Whether you’re a first time visitor or keep coming back to Germany’s capital, Berlin always has something new to offer to everyone. From art and culture to history to shopping, the metropolis is a dream destination for adventures, parties or sightseeing. Make sure to not miss anything of importance with our local’s guide to Berlin’s top highlights and neighbourhoods!
Berlin’s top 10 highlights
Berlin as a world metropolis is steeped in history. You can find remains of the industrial culture almost next to monuments, memorial sites and magnificent buildings or architectural atrocities as well as jewels. Revisiting the past of the GDR alone can take up days alone. Reichstag, Brandenburg Gate and Museum Island are among the favorite spots for visitors interested in history, but many other exhibitions, installations and memorials commemorate Berlin’s history, from the Berlin wall to the end of the war and the victims of the Third Reich to 100 years of a developing metropolis.
One part of Berlin’s extensive history is of course its past as a divided city. Today, the division is hard to imagine, in part because so little of it is still visible due to urban renewal and Berlin’s ever-changing cityscape. Of course, the East Side Gallery with its iconic murals is a must, but if you’re interested in the history and story of The Wall, there are many more hidden and not-so-hidden spots and sights where the past comes to life thanks to memorials, installations, interactive apps or guiding podcasts.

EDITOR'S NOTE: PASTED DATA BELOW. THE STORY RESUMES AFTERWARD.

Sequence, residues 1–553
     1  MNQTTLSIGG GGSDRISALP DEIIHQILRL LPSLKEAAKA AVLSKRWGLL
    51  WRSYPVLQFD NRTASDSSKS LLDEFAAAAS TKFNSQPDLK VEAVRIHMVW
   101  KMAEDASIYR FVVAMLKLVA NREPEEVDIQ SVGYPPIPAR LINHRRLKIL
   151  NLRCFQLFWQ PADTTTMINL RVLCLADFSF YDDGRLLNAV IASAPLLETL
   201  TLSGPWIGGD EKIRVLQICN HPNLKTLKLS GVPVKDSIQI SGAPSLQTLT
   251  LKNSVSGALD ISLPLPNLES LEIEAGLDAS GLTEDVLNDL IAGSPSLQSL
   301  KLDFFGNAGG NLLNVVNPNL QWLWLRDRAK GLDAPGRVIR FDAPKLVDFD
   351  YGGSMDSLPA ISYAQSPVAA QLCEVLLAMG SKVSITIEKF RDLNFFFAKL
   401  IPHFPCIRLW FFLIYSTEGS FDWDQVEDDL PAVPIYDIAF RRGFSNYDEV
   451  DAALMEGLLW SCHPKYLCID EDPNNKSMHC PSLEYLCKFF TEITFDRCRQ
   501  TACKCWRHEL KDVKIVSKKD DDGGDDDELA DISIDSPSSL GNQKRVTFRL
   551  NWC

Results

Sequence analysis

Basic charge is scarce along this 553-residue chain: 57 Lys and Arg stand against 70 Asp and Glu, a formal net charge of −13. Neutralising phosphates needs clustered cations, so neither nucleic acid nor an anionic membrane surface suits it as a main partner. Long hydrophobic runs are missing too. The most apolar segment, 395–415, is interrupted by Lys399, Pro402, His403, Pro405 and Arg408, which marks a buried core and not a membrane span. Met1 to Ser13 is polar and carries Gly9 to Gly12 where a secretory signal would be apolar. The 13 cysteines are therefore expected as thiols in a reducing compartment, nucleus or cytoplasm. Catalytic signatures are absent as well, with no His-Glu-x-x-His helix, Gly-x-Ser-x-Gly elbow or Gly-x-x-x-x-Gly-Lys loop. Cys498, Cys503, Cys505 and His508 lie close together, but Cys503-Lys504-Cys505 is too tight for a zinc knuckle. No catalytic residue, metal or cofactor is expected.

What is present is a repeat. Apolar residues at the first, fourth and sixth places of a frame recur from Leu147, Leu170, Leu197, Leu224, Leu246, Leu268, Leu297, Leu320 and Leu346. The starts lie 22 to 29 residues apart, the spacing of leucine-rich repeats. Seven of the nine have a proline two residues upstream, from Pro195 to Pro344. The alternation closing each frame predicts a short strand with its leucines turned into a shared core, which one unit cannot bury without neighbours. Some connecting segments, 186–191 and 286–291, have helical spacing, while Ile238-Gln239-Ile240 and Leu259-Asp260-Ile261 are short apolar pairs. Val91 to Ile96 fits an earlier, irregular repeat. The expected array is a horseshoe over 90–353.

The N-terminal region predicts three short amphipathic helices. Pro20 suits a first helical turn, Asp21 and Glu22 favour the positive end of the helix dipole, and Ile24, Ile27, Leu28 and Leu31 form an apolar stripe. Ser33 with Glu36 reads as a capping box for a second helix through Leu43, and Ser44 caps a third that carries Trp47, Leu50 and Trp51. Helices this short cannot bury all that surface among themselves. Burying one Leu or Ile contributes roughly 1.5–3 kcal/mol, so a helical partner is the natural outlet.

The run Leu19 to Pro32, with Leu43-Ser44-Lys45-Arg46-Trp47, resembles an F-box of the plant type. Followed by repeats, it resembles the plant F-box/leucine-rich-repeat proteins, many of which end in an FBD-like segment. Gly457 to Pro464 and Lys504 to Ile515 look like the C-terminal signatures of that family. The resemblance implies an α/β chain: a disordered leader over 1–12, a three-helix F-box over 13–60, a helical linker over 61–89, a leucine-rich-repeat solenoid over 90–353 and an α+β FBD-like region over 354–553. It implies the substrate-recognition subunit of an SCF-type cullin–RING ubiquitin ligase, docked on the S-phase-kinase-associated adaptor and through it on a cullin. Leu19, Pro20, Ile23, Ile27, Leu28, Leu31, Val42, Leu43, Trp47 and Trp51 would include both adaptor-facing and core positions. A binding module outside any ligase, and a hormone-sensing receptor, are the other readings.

Art and culture
Berlin arguably features Germany’s most versatile art and culture scene. The country’s creative capital has more than 50 theatres of which Friedrichstadt Palast is Europe’s largest. Galleries like the Gemäldegalerie exhibit fabulous collections of famous paintings and Gropius Bau or Hamburger Bahnhof are dedicated to contemporary art. The Jewish Museum Berlin features extraordinary architecture and a unique subject matter while you can discover urban art and diverse architecture all over the city. Don’t forget the city’s many festivals such as the Berlinale film festival and many live music events all throughout the year in addition to opera or the Berliner philharmonic orchestra.
New York may never sleep, but in Berlin, “drei Tage wach” (three days awake) is THE way of nightlife. Dubbed the best clubbing city in Europe, techno in all its styles is close to a religion here and Berliners go to all sorts of clubs to worship and celebrate their hedonism, diversity and individuality. While the list is endless, Berghain consistently remains the city’s most famous club. Be sure to check out others: Tresor, Sisyphos, Ritter Butzke, Salon zur Wilden Renate, Golden Gate, Stadtbad, KitKat, OHM or ://about blank are where the locals put their heels to the test.
Like any metropolis, Berlin has plenty of shopping hotspots: among the most famous or notorious are Kurfürstendamm, Potsdamer Platz, Friedrichstraße, Hackescher Markt, Tauentzienstraße or Schloßstraße. Charming and equally popular are weekly and indoor markets such as Markthalle IX, Arminiusmarkthalle, Marheineke Markthalle, the market at Südstern or the Wochenmarkt at Maybachufer. The concept mall Bikini or the Mall of Berlin are newly established while many used clothing stores such as Humana Kaufhaus or the Sunday shopping at flea markets are longtime traditions for locals. From stustainable fashion to obscure bookshops, lingerie and sex toys, there’s a shop for everything in Berlin.